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SeaWorld To Challenge Coastal Commission’s Ban On Orca Breeding

Photo caption: A baby killer whale swims with another whale at SeaWorld San Diego, Feb. 14, ...

Photo credit: Mike Aguilera/SeaWorld San Diego

A baby killer whale swims with another whale at SeaWorld San Diego, Feb. 14, 2013.

SeaWorld Entertainment Thursday announced that it will challenge the California Coastal Commission, which last week issued a ruling that would end the breeding of captive killer whales at its San Diego theme park.

The commission's order was a condition to its approval of a permit to allow SeaWorld San Diego to expand its orca tanks. Not being able to breed its orcas would eventually result in the end of the park's "Shamu" killer whale shows.

The condition handed animal rights advocates a major victory, but in its announcement that it would bring legal action, SeaWorld called the action "overreaching." The company contends that animal welfare is governed by federal and state laws that do not fall within the jurisdiction of the commission.

"As a regulatory board charged with managing coastal development and related land-use decisions, the Coastal Commission went way beyond its jurisdiction and authority when it banned breeding by killer whales at SeaWorld," said Joel Manby, president and CEO of Orlando-based SeaWorld Entertainment.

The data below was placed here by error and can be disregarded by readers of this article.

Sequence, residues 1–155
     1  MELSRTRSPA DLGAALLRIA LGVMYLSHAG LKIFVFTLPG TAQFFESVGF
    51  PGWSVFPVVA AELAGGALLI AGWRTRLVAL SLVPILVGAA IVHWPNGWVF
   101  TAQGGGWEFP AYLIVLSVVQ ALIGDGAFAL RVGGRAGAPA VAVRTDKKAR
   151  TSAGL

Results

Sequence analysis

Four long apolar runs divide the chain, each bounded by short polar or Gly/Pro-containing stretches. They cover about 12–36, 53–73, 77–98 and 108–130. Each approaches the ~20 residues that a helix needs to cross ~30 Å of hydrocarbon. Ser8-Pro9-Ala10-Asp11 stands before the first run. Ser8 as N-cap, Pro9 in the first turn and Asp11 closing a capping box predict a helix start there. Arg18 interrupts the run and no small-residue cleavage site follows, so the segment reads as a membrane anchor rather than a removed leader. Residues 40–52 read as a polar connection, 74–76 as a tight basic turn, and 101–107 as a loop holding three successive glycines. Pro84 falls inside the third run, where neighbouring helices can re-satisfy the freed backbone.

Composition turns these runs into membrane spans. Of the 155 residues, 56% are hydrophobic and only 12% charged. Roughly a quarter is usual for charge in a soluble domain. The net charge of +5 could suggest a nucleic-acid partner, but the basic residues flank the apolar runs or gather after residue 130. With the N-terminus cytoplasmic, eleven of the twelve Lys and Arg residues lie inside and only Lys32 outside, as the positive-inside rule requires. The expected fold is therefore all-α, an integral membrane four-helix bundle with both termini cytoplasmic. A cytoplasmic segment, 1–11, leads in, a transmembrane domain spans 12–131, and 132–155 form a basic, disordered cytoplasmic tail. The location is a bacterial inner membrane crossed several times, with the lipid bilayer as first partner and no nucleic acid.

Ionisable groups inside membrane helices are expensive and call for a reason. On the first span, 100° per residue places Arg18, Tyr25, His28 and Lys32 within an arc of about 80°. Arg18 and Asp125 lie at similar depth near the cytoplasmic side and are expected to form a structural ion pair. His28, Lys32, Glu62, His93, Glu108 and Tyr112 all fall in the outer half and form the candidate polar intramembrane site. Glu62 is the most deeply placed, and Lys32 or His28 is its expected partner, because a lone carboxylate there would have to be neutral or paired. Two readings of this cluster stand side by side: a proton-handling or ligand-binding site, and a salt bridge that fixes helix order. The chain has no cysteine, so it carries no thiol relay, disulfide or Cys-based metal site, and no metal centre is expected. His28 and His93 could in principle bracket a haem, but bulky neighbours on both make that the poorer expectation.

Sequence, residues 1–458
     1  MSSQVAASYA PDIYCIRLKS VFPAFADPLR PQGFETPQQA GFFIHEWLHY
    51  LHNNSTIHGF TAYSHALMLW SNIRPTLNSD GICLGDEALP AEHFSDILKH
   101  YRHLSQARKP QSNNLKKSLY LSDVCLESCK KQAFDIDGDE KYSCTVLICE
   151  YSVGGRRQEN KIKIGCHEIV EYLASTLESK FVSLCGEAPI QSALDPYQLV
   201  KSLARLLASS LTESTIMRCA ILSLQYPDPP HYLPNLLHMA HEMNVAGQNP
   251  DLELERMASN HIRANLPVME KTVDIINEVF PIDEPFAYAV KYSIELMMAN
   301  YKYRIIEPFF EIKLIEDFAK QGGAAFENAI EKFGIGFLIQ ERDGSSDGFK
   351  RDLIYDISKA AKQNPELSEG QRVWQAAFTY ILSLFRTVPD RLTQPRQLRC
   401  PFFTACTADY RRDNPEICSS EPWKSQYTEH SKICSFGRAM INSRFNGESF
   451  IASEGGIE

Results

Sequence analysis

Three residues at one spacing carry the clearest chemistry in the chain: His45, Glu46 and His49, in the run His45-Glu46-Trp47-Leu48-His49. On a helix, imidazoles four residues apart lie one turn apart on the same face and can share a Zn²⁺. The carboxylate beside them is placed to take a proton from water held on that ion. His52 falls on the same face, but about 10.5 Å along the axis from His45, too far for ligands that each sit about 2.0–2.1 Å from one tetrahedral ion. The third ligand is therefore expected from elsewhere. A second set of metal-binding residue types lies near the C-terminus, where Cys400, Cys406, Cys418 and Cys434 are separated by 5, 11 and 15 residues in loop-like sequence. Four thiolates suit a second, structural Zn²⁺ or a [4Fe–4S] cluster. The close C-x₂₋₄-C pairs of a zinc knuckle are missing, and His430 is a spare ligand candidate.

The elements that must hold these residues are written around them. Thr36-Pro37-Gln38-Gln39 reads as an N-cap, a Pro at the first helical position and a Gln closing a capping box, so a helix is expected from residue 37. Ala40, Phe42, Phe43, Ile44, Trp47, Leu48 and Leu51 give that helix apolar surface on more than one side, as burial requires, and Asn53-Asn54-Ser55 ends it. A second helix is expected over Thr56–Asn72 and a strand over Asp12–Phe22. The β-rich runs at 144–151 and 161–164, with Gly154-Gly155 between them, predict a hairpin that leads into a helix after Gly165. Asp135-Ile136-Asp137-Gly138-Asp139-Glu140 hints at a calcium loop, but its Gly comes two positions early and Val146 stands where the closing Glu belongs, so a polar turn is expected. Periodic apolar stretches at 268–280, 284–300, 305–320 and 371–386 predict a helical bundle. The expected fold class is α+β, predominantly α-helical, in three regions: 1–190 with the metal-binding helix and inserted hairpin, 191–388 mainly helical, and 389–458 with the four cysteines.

"By imposing broad new jurisdiction over all future SeaWorld marine animal projects, as well as aquarium projects elsewhere in the state, the commission has overstepped both federal and California law," Manby said. "It simply defies common sense that a straightforward land-use permit approval would turn into a ban on animal husbandry practices — an area in which the commissioners have no education, training or expertise."

PETA Director of Animal Law Jared Goodman accused SeaWorld officials of "blowing smoke."

"The California Coastal Commission acted fully within its authority when, as a condition of its approval of building new tanks, it placed a ban on breeding orcas," Goodman said. " The (commission's) jurisdiction over marine mammals is expansive. Although the Coastal Act focuses on protecting open spaces and wildlife in their native state, it contains no limiting language that excludes captive wildlife.

"The legislature required the Commission to protect all resources that exist within the coastal zone, as the orcas at SeaWorld plainly do," Goodman said. "Just as the commission still controls natural spaces that have been spoiled, it retains jurisdiction over wild orcas, whether captured or captive born."

SeaWorld officials had agreed earlier not to increase its orca population except through occasional captive births or rescues authorized by government agencies. Park officials said they have not captured orcas in the wild for decades. SeaWorld also pledged that the facility would not house any orcas taken from the wild after Feb. 12, 2014, nor utilize killer whale genetic material taken from the wild after the same date.

Executives at the theme park on Mission Bay want to build two orca pools, one filled with 5.2 million gallons of water and the other with a capacity of 450,000 gallons, to replace the current 1.7 million gallon tank.

The project also would include replacing bathroom facilities for visitors.

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